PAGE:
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They Shoot Horses, Don’t They?
2.25.2003 by Julian, every Tuesday.


Gloria Beatty, the heroine of Horace McCoy’s They Shoot Horses, Don’t They? has a really bad attitude:
‘It’s peculiar to me,’ she said, ‘that everybody pays so much attention to living and so little to dying. Why are these high-powered scientists always screwing around trying to prolong life instead of finding pleasant ways to end it? There must be a hell of a lot of people in the world like me—who want to die but haven’t got the guts—’
Gloria’s incredibly depressing personality is what drives the book. She’s so depressing to be around that our protagonist, an idealistic wannabe movie director, named Robert Syverton, eventually decides to put her out of her misery. The book begins with Robert’s trial and the story is told in flashbacks of the dance marathon that he and Gloria participated in.

The dance marathon is a strange and sadistic form of entertainment. The rules are simple: you have to keep in continuous motion; the last couple standing wins a cash prize. Competitors are provided with food, and are allowed a ten-minute break after every two-hours of dancing.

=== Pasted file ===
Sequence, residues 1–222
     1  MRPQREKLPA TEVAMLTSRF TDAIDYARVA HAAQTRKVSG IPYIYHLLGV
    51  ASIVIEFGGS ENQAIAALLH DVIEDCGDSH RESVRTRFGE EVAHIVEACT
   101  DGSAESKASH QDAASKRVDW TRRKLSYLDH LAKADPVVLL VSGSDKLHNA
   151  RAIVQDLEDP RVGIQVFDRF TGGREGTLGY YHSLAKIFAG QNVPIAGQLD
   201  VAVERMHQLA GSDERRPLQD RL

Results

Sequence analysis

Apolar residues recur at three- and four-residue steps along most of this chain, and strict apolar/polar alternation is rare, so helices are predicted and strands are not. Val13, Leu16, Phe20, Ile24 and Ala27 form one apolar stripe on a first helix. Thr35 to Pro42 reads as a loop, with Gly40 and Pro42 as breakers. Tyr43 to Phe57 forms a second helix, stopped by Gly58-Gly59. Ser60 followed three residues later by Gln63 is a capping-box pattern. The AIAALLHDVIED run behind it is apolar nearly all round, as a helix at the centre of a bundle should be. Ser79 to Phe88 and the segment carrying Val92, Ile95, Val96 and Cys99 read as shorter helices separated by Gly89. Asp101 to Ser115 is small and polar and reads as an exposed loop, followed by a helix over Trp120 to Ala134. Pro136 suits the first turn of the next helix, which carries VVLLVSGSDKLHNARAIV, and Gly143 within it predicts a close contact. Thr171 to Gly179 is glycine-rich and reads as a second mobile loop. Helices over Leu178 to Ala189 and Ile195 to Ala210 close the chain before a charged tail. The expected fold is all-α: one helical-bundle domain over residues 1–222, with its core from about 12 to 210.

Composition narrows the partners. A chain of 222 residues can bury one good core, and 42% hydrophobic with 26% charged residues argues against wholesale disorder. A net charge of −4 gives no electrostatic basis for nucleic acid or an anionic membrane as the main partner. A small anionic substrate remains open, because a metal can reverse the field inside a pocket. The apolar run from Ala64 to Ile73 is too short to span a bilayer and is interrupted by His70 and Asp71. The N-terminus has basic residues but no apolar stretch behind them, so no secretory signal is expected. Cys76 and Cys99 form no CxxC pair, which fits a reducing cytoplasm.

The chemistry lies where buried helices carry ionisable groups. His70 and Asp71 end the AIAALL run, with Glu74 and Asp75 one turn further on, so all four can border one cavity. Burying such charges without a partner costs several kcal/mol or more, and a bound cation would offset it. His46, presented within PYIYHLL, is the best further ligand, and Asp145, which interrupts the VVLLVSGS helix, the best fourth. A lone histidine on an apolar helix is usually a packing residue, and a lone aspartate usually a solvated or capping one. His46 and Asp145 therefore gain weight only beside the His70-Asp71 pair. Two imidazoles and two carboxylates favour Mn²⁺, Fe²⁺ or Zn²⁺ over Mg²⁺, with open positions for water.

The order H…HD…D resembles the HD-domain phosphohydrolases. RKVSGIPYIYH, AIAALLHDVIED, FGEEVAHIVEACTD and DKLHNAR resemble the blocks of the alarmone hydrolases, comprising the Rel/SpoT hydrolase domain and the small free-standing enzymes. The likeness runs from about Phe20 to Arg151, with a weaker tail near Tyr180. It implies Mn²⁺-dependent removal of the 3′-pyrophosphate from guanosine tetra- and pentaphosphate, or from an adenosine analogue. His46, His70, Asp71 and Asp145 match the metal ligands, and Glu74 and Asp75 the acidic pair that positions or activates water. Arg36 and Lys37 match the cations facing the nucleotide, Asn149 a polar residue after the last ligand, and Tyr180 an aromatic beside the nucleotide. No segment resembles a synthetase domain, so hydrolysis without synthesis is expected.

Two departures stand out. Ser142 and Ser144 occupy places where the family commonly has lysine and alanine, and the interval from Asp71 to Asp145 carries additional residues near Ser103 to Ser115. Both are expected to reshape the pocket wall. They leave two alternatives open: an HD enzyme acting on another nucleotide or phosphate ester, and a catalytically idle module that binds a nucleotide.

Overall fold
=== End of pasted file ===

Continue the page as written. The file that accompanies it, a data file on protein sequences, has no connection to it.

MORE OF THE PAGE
Apparently, dance marathons were an extremely popular form of entertainment during the Depression. Couples would sign up for the free food and a shot at the prize, and audiences would come to watch the dancers gradually die of exhaustion. The longest dance marathon on record lasted 22 weeks!

Dance marathons were eventually banned in most states, and in the book, the Mothers’ League for Good Morals tries to shut down the one that Gloria and Robert participate in. This prompts Gloria to say:
You Morals League and your goddam women’s clubs, filled with meddlesome old bitches who haven’t had a — in twenty years. Why don’t you old dames go out and buy a — once in a while?
Yep, Gloria has a really bad attitude. Back in the 30s, pronouncing dashes out loud was considered the worst of insults.

The utterly pointless, tedious, exhausting marathon dance parallels Gloria’s outlook on life. “Before I met you,” says Robert, “I didn’t see how I could miss succeeding. I never even thought of failing. And now—’ Now Robert is about to be executed for murdering Gloria. It’s a depressing book all right.

They Shoot Horses, Don’t They? is blunt, lurid, and above all depressing. The writing is simple and straightforward, and yet the dance marathon is so weird that it seems almost surrealist. It’s also a short book, easy to read in one sitting, which is good, because just reading about dancing for 879 hours straight is exhausting.




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